How to Promote Equality & Diversity in the Workplace

In our increasingly global country, equality and diversity in the workplace are critical and could also lead to a great workplace culture.

    In 2020, a study conducted by ADP revealed that, in the UK, more than a quarter of the workforce had experienced discrimination in some form. In the twenty-second century, it seems strange to think that we’re still dealing with issues around gender, race, age and other forms of discrimination. 

    Tackling the issues of discrimination and actively creating a work environment that is inclusive and diverse has been shown to bring about numerous benefits for both employees and organisations. Here, we explain these terms and provide guidance on how you can go about making your organisation more inclusive. 

    What is diversity in the workplace?

    Workplace diversity refers to a workplace that consists of individuals who possess varying characteristics and experiences. When the term workplace diversity was first used, it mainly focused on the characteristics of race and ethnicity. However, you’ll find that many factors can contribute to diversity today, such as:

    What is equality in the workplace?

    Equality within the workplace refers to the fair and equal treatment of all employees, regardless of their differences (such as their demographics). 

    However, workplace equality runs deeper than this. An organisation that claims to promote equality should ensure that everyone feels included, heard, valued and accepted. 

    Why are equality and diversity important in the workplace?

    Fostering a culture centred around diversity and equality will create numerous benefits for your organisation and likely increase your employee’s overall satisfaction. 

    1. Attract and retain the best talent

    In today’s world, you’re not limited to employing individuals within a certain geographical area. By opening your talent pool up, you’ll attract more high-quality talent. 

    1. Results in better employee performance

    Workplace studies have found that employees working in diverse, inclusive organisations are more engaged, produce higher quality work and tend to stay with the company longer.

    1.  Increased levels of innovation

    A diverse workforce consists of people of varying demographics, backgrounds and experiences. This results in a team with different perspectives, decision-making skills and problem-solving methods. Thus, you’ll find that your teams will likely be more creative, coming up with more innovative solutions. 

    How to promote equality and diversity in the workplace

    Creating a workplace culture underpinned by equality and diversity will take commitment and a lot of work. You can promote it throughout all aspects of the company – right from the hiring process through to educating your current employees. 

    1. Be mindful of the language you use

    This applies to both company and individual communications. All company communications should include language that is appropriate for a wide audience. Individual employees should also be held accountable in cases where they use offensive language, even if no harm was intended.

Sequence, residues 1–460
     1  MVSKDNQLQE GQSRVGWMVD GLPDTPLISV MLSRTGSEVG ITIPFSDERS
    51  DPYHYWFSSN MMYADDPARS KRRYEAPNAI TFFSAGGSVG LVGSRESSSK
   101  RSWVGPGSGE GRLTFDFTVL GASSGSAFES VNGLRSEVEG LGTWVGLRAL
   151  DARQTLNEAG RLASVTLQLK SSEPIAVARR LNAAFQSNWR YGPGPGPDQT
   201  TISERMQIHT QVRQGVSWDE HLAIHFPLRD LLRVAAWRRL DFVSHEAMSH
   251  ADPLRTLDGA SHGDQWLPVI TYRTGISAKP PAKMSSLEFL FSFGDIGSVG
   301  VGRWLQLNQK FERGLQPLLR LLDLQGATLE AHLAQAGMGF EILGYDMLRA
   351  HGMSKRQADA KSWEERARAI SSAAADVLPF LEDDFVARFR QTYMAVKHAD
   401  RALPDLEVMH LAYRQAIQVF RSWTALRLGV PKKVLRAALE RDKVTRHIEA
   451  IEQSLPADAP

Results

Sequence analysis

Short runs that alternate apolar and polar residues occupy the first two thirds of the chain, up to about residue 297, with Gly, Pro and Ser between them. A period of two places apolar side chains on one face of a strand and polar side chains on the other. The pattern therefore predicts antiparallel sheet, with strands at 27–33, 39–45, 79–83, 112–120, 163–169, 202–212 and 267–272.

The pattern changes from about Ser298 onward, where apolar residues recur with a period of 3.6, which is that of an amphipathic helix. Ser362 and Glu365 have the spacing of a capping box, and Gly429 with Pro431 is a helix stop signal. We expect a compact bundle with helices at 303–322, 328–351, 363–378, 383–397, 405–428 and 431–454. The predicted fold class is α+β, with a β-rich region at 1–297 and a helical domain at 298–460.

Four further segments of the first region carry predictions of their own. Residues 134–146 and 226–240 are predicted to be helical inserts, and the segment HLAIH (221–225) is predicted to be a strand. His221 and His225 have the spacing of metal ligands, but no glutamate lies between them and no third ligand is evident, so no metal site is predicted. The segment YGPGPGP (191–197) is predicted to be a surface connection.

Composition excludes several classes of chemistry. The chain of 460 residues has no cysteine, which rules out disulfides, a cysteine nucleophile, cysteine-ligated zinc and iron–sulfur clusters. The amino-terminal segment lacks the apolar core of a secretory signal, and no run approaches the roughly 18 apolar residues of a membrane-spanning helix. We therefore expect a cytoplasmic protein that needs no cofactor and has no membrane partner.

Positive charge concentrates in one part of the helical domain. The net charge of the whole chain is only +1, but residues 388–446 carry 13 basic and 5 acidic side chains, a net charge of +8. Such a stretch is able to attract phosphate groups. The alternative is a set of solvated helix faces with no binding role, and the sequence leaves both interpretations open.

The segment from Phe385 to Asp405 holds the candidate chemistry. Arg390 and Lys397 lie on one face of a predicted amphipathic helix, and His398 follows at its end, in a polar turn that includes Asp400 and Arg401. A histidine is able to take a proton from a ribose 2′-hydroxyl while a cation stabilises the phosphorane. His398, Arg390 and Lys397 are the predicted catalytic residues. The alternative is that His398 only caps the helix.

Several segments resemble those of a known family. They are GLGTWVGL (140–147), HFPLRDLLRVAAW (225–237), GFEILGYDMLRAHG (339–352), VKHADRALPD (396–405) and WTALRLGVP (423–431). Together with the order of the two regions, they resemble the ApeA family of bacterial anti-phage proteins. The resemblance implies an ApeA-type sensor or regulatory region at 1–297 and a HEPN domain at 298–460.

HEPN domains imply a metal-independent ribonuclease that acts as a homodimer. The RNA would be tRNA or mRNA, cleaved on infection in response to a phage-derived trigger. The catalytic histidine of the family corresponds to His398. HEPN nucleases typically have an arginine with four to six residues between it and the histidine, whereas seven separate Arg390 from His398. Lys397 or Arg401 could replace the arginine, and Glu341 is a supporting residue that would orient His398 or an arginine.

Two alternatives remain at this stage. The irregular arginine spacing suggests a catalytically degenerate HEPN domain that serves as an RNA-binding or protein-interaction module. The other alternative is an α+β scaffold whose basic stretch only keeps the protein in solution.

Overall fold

1. Identify & prevent unconscious bias

    While we may all strive to be as open-minded and inclusive as possible, we all harbour conscious and unconscious biases. In order to tackle biases, you first need to acknowledge that you have them. 

    A simple way to do this is to complete an Implicit Association Test (IAT). Your results will likely demonstrate your possible biases, specifically those related to gender, sexuality, ethnicity etc. Understanding your own biases will help you to see where you can focus on improving.

    1. Implement equality and diversity policies 

    Implementing policies and measurable benchmarks can be a great way to ensure employees are treated fairly throughout all activities. This will also demonstrate to your workforce that you’re proactive and want to create real change. 

    A great way to ensure you’ve formulated truly inclusive policies si to get your employee’s contributions – you can even allow them to do this anonymously so everyone feels comfortable sharing their thoughts. 

    1. Use objective criteria

    Creating an objective set of criteria will serve as a great form of guidance and will ensure that all decisions made are based on merit rather than personal biases. 

    1. Train your staff 

    Providing training to your staff is an excellent opportunity to introduce new criteria and policies. It also serves as a platform for you to educate and create awareness amongst your employees about diversity, equality and the biases that they may have themselves. Additionally, you can provide your staff with resources that they can use to educate themselves too. 

    1. Seek advice where needed

    Creating a company culture where equality and diversity are a top priority can be trickier to implement than you may think. However, your Legal or HR department will be able to provide you with the necessary advice. Alternatively, you can outsource your support

    Ready to create a diverse and inclusive work environment?

    Creating a work environment that prioritises diversity and inclusion is bound to benefit your business and your employees – that’s a win-win. If you need any advice on how to make a more inclusive environment in your workplace, feel free to get in touch

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